You should worry if you usually hear a faint humming, but it has become a loud buzzing. Look for signs of a fault. You don’t want the heater to fail when you need it the most.
- You Hear Crackling And Popping
Don’t ignore crackling and popping. They usually point to arcing. Arcing can lead to short circuits and fires. Inspect the heater and its cord before the worst comes to pass. Extension cords are notorious for starting fires because of arcing.
- The Sound Is Loud Enough To Vibrate The Grill
Loud vibrating sounds become a problem when they get so strong that the grill starts shaking. The humming is typically faint.
- The Vehicle Struggles To Start
You can ignore loud sounds or silence if the block heater works as expected, especially if you’ve failed to identify noteworthy faults after inspecting the heater. However, you should take note of any noise you hear after a heater stops working.
You can tell that a heater doesn’t work because the car will struggle to start on freezing days. It may refuse to start altogether.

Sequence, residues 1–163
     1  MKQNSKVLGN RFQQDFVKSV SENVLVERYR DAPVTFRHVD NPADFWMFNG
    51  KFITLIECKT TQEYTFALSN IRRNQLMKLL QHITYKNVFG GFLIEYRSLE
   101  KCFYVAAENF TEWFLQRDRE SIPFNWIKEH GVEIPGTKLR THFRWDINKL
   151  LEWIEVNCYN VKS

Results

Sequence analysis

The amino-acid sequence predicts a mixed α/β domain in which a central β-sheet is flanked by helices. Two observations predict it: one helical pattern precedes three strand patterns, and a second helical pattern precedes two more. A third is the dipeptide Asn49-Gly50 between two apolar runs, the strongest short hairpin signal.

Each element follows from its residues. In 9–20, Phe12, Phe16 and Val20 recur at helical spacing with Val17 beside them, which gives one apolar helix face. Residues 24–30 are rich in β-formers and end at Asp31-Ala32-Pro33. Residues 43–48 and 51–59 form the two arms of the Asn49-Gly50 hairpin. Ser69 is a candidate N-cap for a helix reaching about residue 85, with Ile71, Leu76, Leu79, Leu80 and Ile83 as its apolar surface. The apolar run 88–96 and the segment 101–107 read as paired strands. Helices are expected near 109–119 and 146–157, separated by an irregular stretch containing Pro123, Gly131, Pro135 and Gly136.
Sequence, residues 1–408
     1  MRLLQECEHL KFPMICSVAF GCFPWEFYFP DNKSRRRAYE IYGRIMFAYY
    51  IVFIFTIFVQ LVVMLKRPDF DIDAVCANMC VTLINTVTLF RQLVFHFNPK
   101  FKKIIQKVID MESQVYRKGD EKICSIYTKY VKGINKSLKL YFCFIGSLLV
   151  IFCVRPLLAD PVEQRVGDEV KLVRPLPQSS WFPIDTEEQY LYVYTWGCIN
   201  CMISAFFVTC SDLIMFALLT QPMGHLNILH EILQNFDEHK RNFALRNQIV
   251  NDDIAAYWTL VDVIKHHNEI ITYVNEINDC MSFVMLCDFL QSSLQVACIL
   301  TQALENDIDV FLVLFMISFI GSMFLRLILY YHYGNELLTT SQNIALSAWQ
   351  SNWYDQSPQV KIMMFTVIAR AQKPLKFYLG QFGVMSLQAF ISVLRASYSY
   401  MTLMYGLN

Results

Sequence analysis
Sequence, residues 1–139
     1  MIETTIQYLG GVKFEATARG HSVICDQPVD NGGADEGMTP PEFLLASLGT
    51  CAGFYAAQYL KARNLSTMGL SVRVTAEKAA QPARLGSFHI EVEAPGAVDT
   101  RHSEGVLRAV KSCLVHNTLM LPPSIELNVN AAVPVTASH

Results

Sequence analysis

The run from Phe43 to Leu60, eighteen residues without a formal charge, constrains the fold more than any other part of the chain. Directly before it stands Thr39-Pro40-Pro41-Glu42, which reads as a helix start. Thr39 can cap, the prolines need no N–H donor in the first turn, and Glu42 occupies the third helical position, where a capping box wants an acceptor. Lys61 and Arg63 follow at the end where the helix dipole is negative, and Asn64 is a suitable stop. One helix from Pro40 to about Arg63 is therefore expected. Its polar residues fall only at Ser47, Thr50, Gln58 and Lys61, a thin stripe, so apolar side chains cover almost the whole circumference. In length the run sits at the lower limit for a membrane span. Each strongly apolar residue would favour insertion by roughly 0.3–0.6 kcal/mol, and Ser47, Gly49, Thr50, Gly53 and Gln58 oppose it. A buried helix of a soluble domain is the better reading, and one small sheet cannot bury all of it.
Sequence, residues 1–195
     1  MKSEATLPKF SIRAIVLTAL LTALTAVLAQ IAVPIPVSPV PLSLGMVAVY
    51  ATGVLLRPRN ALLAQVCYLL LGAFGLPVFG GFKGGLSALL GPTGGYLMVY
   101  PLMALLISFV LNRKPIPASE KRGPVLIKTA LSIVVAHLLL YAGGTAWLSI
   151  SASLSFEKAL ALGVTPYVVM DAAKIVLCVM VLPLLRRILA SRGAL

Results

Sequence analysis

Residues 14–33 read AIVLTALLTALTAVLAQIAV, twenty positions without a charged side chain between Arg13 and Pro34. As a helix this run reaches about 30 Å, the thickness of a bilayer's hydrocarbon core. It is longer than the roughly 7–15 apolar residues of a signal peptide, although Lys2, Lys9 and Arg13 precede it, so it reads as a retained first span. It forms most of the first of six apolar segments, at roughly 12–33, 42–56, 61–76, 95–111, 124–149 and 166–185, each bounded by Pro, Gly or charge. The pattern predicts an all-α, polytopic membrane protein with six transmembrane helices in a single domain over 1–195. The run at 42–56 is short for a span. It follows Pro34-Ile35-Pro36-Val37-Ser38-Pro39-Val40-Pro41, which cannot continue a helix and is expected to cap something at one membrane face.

The Typical Sounds That Can Be Expected During Block Heater Operation
You can identify a working block heater by the sound it makes when you push the plug into a wall outlet. But which sounds do you typically hear in a healthy block heater? Look out for the following:
- Many consumers report hearing a noise like boiling water under the hood.
- Humming is another common sound. It isn’t loud enough for you to hear unless you come close.
- Some people hear buzzing instead of humming. They call it an electrical sound.
- Listen for a faint hissing when the heater first starts.
- Gurgling isn’t as common in newer heaters, but don’t be surprised if you encounter this sound.
- Rattling is a little concerning. But it’s normal in some cases. You can blame the sound of a rattling air purge tab.
Factors Affecting Noise Levels Of Block Heaters
- Block heaters that make noise tend to get louder as they approach the end. Block heaters can easily last fifteen or more years. But eventually, they will fail. Their parts generate more noise because they’ve succumbed to wear and tear.
- Age matters. Newer block heaters are quieter because of their sophistication. Manufacturers know that many consumers hate sizzling, humming, and rattling.